"And now," said the girl to the smiling waiter, "a bottle of red California wine for Uncle John and the Major, and two real cigars. We'll be merry tonight if it bankrupts the Doyle family entirely."

But, after a merry meal and a good one, there was no bill at all when it was called for.

Danny Reeves himself came instead, and made a nice little speech, saying that Patsy had always brought good luck to the place, and this dinner was his treat to welcome her home.

So the Major thanked him with gracious dignity and Patsy kissed Danny on his right cheek, and then they went away happy and content to find the little rooms up the second flight of the old tenement.

"It's no palace," said Patsy, entering to throw down the bundles as soon as the Major unlocked the door, "but there's a cricket in the hearth, and it's your home, Uncle John, as well as ours."

Uncle John looked around curiously. The place was so plain after the comparative luxury of Elmhurst, and especially of the rose chamber Patsy had occupied, that the old man could not fail to marvel at the girl's ecstatic joy to find herself in the old tenement again. There was one good sized living-room, with an ancient rag-carpet partially covering the floor, a sheet-iron stove, a sofa, a table and three or four old-fashioned chairs that had probably come from a second-hand dealer.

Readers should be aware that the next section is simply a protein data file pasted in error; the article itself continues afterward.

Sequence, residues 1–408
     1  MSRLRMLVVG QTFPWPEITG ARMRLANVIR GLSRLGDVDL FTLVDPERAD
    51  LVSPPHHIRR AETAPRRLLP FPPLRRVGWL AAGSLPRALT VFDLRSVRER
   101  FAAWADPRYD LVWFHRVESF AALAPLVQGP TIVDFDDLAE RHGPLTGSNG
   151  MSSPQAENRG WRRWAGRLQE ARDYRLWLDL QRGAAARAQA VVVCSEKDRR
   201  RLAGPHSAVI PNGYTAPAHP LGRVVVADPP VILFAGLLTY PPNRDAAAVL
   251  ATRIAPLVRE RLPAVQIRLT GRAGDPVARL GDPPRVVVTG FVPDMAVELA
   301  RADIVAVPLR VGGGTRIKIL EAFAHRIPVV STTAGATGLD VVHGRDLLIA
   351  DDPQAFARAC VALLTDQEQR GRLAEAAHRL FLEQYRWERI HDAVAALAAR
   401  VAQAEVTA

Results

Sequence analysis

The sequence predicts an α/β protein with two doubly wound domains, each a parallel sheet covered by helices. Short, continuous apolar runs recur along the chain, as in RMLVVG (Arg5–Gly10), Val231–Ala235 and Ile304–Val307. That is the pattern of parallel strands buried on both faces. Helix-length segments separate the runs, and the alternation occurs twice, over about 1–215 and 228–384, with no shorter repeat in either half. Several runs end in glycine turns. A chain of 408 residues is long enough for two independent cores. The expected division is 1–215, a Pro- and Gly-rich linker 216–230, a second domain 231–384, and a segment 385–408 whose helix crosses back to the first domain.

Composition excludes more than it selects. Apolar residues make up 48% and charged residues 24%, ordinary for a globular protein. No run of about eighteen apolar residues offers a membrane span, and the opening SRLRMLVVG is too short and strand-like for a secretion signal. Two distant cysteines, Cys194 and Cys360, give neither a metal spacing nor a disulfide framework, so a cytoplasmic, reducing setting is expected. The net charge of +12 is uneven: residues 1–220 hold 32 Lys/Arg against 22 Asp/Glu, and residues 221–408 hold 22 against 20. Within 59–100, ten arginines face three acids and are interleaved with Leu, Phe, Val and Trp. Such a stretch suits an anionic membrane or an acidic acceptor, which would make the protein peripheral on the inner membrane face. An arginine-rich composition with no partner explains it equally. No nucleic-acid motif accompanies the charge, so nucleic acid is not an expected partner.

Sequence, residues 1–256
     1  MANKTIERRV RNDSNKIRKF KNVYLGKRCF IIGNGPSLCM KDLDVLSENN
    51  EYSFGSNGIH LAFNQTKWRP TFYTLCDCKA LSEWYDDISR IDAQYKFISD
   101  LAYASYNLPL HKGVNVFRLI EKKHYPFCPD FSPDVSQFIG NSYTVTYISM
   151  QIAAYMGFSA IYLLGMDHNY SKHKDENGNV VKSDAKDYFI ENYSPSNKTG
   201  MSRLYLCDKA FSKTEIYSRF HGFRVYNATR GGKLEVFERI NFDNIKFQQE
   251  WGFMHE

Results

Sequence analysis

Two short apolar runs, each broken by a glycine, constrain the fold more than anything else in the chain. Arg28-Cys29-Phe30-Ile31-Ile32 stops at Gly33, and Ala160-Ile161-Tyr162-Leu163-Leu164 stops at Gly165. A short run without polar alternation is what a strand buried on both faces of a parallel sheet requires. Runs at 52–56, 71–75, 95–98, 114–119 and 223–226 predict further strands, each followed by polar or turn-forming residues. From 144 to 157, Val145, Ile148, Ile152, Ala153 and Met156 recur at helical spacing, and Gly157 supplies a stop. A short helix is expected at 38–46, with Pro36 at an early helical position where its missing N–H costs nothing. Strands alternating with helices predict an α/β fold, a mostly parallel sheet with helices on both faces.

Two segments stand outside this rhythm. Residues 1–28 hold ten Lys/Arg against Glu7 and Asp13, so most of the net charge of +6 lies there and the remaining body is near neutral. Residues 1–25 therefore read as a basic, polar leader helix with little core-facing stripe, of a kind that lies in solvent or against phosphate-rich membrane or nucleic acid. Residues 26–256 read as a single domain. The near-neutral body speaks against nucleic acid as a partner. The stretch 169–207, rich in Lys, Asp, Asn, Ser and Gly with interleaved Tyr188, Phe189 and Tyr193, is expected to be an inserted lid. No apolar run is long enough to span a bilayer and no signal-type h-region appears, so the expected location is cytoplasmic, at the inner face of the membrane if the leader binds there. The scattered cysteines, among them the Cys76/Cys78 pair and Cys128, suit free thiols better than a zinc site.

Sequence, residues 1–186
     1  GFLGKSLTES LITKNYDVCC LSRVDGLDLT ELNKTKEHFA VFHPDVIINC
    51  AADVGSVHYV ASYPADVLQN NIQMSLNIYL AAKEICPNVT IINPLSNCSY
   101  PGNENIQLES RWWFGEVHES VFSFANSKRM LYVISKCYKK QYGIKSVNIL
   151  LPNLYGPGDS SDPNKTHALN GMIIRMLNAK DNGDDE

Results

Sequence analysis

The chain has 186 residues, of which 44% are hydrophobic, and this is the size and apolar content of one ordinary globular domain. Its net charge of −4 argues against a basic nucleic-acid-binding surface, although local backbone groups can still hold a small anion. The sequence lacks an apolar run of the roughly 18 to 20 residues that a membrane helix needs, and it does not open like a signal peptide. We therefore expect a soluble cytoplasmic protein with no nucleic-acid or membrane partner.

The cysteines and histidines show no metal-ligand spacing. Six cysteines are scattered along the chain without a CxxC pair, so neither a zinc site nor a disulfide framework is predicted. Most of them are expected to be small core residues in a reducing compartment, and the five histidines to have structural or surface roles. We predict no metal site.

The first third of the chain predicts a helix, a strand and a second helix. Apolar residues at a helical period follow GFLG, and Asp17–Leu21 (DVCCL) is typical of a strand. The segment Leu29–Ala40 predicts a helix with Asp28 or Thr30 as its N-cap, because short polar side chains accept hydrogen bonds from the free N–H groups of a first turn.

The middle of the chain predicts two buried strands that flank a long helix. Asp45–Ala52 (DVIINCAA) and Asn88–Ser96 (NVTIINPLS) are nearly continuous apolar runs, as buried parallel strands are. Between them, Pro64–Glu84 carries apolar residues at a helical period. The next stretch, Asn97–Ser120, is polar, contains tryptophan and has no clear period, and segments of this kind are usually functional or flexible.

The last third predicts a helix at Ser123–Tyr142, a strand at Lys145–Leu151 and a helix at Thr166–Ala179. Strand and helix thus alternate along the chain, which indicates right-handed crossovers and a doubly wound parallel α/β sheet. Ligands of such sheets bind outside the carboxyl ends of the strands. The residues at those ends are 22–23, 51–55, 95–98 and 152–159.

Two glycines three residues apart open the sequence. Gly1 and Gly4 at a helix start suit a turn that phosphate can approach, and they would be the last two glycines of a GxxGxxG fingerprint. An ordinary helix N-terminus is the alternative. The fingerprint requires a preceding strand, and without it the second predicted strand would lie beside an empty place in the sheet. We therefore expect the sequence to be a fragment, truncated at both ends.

Opening from this were two closet-like rooms containing each a bed and a chair, with a wash-basin on a bracket shelf. On the walls were a few colored prints from the Sunday newspapers and one large and fine photograph of a grizzled old soldier that Uncle John at once decided must represent "the Colonel."

Having noted these details, Patsy's uncle smoothed back his stubby gray hair with a reflective and half puzzled gesture.

"It's cozy enough, my child; and I thank you for my welcome," said he. "But may I enquire where on earth you expect to stow me in this rather limited establishment?"

"Where? Have you no eyes, then?" she asked, in astonishment. "It's the finest sofa in the world, Uncle John, and you'll sleep there like a top, with the dear Colonel's own picture looking down at you to keep you safe and give you happy dreams. Where, indeed!"